Yellowstone Caldera Chronicles is a weekly column written by scientists and collaborators of the Yellowstone Volcano Observatory. This week's contribution is from Robert Smith, Distinguished Research Professor with the University of Utah and a founding member of the YVO consortium.
This week, Yellowstone Caldera Chronicles would like to acknowledge one of the unsung heroes of the long-term effort to monitor activity in the Yellowstone region. Dave Drobeck spent nearly three decades building and maintaining the Yellowstone seismic network with the University of Utah Seismograph Stations (UUSS). We are saddened to report Dave's unexpected and untimely passing on February 11, just 8 days shy of his 58th birthday, and we would like to take this opportunity to celebrate his life and accomplishments.
Dave was born in Albany, New York, in 1960 and grew up just east of the Hudson River Valley. After receiving a BS degree in engineering from Duke University in 1985, he moved west to the University of Utah for a PhD in materials science engineering. Upon completion of his doctorate, Dave recognized that living in the Intermountain West offered him something new—namely to explore this new wilderness and mountain landscape and, most of all, to be his own boss.
The latter skill and his independent nature carried him throughout his career by simply asking, "what do you want to get done," and then saying "let me do it and do not bother me." Whatever was needed, it always got done. His first Utah job was shoveling snow off the roofs of lodges at Alta, Utah, and in the summers Dave explored the Colorado Plateau, the Green River, the Colorado River, the San Juan River, the Wind River Range, and the Tetons.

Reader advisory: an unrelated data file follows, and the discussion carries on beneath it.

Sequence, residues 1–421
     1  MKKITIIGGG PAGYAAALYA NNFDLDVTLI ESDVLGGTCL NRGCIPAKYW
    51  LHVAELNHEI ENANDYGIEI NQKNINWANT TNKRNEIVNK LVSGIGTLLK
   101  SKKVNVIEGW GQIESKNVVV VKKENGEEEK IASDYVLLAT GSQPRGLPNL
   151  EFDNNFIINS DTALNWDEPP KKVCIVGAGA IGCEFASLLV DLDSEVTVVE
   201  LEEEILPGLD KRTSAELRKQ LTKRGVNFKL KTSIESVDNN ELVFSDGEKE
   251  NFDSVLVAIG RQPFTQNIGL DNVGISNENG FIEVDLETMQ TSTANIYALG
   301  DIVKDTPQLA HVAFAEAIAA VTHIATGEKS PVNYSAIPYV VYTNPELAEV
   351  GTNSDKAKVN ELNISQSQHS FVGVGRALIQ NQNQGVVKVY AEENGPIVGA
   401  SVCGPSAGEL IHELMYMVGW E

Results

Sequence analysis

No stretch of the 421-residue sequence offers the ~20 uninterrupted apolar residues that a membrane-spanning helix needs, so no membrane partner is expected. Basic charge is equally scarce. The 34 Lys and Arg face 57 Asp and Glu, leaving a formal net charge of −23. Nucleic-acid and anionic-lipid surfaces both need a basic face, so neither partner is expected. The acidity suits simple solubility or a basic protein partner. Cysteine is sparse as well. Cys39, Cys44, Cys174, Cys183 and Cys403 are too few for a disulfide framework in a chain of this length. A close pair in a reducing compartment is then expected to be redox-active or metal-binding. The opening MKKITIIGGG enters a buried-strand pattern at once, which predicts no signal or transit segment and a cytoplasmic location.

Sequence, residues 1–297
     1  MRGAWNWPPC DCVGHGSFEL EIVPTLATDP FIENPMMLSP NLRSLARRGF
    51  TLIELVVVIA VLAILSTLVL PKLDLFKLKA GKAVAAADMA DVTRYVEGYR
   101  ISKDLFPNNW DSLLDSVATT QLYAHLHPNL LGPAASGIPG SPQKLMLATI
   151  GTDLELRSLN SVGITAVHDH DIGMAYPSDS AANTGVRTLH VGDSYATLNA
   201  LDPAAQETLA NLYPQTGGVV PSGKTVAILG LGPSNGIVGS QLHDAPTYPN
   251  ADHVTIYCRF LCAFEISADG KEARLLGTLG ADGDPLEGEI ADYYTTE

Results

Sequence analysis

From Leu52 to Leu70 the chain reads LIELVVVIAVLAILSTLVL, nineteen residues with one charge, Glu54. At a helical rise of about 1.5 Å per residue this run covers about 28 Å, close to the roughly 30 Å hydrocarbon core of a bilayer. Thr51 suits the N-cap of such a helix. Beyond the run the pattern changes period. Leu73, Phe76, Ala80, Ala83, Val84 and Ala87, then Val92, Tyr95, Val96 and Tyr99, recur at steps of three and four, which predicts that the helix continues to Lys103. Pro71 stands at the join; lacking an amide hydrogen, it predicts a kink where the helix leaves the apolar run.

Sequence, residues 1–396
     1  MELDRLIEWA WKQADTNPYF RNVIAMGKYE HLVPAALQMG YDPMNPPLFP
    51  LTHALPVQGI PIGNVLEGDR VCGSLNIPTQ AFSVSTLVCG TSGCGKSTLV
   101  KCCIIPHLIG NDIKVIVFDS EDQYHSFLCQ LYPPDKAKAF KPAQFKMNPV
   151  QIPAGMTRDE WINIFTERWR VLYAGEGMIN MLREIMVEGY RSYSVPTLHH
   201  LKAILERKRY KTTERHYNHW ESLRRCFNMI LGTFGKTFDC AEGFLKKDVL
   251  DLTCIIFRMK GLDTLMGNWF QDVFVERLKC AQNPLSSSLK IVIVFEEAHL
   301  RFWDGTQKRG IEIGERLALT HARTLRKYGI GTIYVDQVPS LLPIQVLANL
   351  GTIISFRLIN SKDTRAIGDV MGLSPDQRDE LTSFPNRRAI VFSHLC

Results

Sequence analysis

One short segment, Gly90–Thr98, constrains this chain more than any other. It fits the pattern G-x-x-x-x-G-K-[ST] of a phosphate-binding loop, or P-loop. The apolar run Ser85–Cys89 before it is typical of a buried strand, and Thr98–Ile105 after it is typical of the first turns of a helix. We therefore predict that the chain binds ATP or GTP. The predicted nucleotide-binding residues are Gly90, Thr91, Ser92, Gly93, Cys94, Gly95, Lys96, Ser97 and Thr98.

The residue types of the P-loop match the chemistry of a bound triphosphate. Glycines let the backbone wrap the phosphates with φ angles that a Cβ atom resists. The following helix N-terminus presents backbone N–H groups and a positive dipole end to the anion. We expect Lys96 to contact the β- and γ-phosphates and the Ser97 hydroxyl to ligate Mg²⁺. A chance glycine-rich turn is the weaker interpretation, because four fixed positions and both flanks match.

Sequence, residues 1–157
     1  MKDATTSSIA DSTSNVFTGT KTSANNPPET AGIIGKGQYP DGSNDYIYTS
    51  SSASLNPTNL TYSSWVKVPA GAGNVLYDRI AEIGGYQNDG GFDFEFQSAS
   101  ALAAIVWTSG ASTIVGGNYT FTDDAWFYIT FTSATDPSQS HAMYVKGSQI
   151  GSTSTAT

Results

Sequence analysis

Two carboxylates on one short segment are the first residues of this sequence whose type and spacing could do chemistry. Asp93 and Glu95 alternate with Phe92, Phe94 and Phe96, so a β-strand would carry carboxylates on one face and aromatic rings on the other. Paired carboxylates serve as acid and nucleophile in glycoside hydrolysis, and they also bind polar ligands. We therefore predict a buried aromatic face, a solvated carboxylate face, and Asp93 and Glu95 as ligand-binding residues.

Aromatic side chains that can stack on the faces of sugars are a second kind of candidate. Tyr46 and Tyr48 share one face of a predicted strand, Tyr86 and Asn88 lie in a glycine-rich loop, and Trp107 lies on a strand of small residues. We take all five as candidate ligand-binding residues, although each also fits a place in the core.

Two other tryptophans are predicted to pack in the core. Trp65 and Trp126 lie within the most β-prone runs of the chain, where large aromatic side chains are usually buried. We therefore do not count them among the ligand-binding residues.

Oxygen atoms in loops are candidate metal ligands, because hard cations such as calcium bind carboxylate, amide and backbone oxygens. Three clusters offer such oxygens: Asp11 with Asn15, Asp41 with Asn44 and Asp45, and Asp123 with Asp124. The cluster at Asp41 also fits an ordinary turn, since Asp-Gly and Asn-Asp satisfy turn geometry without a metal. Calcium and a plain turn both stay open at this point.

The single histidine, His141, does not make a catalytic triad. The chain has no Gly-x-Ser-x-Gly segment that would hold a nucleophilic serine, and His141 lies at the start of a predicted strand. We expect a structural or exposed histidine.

In the 1990s, Dave was hired at UUSS after demonstrating his commitment by volunteering to haul huge air-cell batteries (70 pounds each!) up steep hills to new seismic stations throughout Utah and Yellowstone. Dave had not taken any courses in electronics but was a very fast learner. As digital electronics began replacing analog systems, Dave quickly acquired the knowledge to install, repair and maintain the digital parts of the UUSS seismic network, keeping seismic monitoring in Utah and Yellowstone running smoothly for decades. Thanks in large part to Dave's hard work, the Yellowstone seismic network has evolved from its skeletal beginnings of a dozen old stations inherited from the U.S. Geological Survey to 35 modern digital seismic stations with 165 recorded channels and a high-reliability telemetry network.
Dave's contributions were not restricted to seismic monitoring. He also led the field construction of a network of permanent Global Positioning System (GPS) stations, and there are now about 25 sites in the region that are continuously measuring surface deformation. Both the GPS and seismic networks were located in the highest area of the Rocky Mountains, where winters can last 9 months, snow can be 10 feet deep, and temperatures have been known to drop to -50 Fahrenheit. Despite these challenges, most stations operate reliably year round.
These skills and experiences prompted many organizations to lean on Dave for assistance and advice. He was often called to help design new systems by the Incorporated Research Institutions for Seismology, University NAVSAR Consortium, the National Park Service, and the U.S. Geological Survey.
In addition to his tremendous skills, Dave also made friends with everyone he met. In Yellowstone, he knew all of the National Park Service personnel, interpreters, rangers, horse packers, and helicopter pilots. When staying in Park housing while doing field work, Dave would routinely cook up huge breakfast platters including eggs, tomatoes, garlic, potatoes, and onions (many of the ingredients for which were gathered from his own garden!) for not only his colleagues, but also nearby Park employees. The enticing smell wafted across the compound and brought neighbors by the dozen. He would also play his guitar on the porch and even in the field, serenading friends new and old.
Dave Drobeck will be sorely missed. His technical skills were beyond reproach, and his friendship is irreplaceable. We know more about Yellowstone because of Dave, and we are all better people for having known him.